way to KNOW what is good or not is to implement and MEASURE.  You had
better believe that on a machine with a 16-bit bus, where we had a total
of 4MB address space available for Prolog's use, people complained  
bitterly
about the *obvious* inefficiency of using 8 bytes per character  
instead of
1.  With respect to time, they were simply wrong.  With respect to  
space,
the answer was "program so it doesn't matter".  We didn't go around  
converting
bitmaps to lists!

> Binary strings can be handled very efficiently using vectorized  
> SIMD code
> and they use modern caches much more effectively, than lists.

Um.  There are so many presuppositions in there that it's really not  
practical
to address them all in a single message.  First, the number of things  
that can
be done efficiently to *Unicode* using Vis/MMX/AltiVec instructions  
is rather
limited.  Second, what it's mostly limited to is things you should  
not be
doing.

But the big thing is that for many text processing tasks *both* lists  
*and*
binaries are spectacularly inefficient because of the limits they put on
sharing.  For example, my XML processing kit in C cannot and will not  
*change*
a document representation, so for most of the transformations I do, the
transformed XML data structure shares a large proportion of its  
memory with
the input.  You can't do that with a byte-vector string, and SIMD  
instructions
don't help with it.  DAGs are wonderful!

>
> Deep lists and io-lists are essentially analog of Java's  
> StringBuffer or C++
> STL's ostringstream.

Not "essentially".  They are *essentially* trees that offer O(1)  
concatenation
and shared substructure.  StringBuilder (I do hope your Java code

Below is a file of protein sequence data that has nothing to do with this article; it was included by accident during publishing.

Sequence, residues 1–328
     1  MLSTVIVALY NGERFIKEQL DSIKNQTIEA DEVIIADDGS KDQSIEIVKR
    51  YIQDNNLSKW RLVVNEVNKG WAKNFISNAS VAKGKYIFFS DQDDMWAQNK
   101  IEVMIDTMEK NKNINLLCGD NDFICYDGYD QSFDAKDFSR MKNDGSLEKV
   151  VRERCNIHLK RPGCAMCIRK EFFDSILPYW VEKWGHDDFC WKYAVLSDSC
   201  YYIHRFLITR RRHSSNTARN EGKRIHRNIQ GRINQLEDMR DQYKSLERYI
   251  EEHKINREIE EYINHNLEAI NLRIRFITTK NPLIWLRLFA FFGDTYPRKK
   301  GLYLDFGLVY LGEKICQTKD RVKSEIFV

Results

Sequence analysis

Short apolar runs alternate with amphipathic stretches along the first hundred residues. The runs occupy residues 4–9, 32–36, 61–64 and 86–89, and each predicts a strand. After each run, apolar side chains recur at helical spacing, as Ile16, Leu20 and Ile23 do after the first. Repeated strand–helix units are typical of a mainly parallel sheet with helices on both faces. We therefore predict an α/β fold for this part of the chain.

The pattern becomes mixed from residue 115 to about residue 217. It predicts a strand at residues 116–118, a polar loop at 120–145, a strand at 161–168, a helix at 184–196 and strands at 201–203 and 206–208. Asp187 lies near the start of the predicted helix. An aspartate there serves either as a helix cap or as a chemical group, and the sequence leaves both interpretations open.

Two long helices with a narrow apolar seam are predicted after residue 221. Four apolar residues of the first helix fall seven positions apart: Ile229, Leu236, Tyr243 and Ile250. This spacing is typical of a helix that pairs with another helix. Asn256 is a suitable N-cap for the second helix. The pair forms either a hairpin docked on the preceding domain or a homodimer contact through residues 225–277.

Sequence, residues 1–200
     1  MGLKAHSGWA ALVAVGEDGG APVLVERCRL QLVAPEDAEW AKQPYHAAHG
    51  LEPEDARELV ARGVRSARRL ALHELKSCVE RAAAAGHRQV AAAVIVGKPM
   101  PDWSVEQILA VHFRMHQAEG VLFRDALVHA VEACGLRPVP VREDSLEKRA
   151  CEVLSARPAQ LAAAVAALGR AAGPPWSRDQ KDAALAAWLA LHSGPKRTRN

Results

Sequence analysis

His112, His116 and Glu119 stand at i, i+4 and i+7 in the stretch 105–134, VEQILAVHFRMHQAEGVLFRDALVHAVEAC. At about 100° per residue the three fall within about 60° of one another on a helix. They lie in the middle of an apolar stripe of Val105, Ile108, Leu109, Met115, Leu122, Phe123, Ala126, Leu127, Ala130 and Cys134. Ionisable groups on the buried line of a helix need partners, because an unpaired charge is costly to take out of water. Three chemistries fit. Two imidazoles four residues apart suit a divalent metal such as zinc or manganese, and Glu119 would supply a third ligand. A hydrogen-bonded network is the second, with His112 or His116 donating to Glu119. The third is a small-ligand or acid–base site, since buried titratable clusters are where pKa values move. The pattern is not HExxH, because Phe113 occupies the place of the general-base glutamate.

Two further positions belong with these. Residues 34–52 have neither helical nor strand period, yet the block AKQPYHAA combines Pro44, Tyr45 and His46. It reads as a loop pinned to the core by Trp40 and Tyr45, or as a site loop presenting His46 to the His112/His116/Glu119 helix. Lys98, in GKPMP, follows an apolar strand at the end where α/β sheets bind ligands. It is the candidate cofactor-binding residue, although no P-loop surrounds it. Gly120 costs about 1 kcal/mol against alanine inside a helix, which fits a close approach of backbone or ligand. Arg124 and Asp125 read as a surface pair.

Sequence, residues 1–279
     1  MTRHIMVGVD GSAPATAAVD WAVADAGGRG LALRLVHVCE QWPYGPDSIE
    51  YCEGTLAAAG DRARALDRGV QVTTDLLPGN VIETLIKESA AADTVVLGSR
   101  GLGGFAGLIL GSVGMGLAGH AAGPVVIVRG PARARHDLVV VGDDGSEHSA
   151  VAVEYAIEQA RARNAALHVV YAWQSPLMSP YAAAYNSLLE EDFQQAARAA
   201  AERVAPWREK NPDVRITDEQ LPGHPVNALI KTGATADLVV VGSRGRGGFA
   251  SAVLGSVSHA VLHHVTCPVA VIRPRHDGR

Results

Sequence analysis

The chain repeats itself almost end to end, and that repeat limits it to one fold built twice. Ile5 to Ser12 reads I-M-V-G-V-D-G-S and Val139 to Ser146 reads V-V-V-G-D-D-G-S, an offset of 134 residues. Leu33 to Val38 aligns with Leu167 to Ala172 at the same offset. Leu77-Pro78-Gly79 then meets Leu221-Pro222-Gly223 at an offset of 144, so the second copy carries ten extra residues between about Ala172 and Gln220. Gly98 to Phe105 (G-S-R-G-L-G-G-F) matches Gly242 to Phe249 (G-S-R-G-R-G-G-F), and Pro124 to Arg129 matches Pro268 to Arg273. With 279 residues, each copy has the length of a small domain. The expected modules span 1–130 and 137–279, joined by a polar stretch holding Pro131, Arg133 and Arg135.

doesn't use
StringBuffer any more) doesn't offer either of those.

> So in general I want immutable String ADT. The ADT implementation  
> should be
> smart enough, to switch to the best representation, according to  
> usage.

Who was the famous computer scientist who said
	"If anyone says to you, 'I want a programming language in which
	 I just say what I want', give him a lollipop."

You want a data structure which can't change (it's immutable) but does
change (it switches to another representation)?

We've been there.  Anyone else in this mailing list remember SETL?
Anyone remember the hopes for automatic selection of representation?
As I recall it, the optimiser got so big that they were never able to
run it over the compiler.  (And if anyone, DOES remember SETL and knows
how I can get in touch with David Bacon, I'd be grateful.  And if you  
have
a copy of On Programming that you don't want, I could give it a  
loving home.)
>

> BTW: most sophisticated string implementation I know about was in  
> SNOBOL. I
> think it was list of unique substrings.

The Bell Labs SNOBOL4 system and the SPITBOL system used different  
string
representations.  The main problem for SNOBOL was trying to support  
computer
hardware that didn't have byte addressing.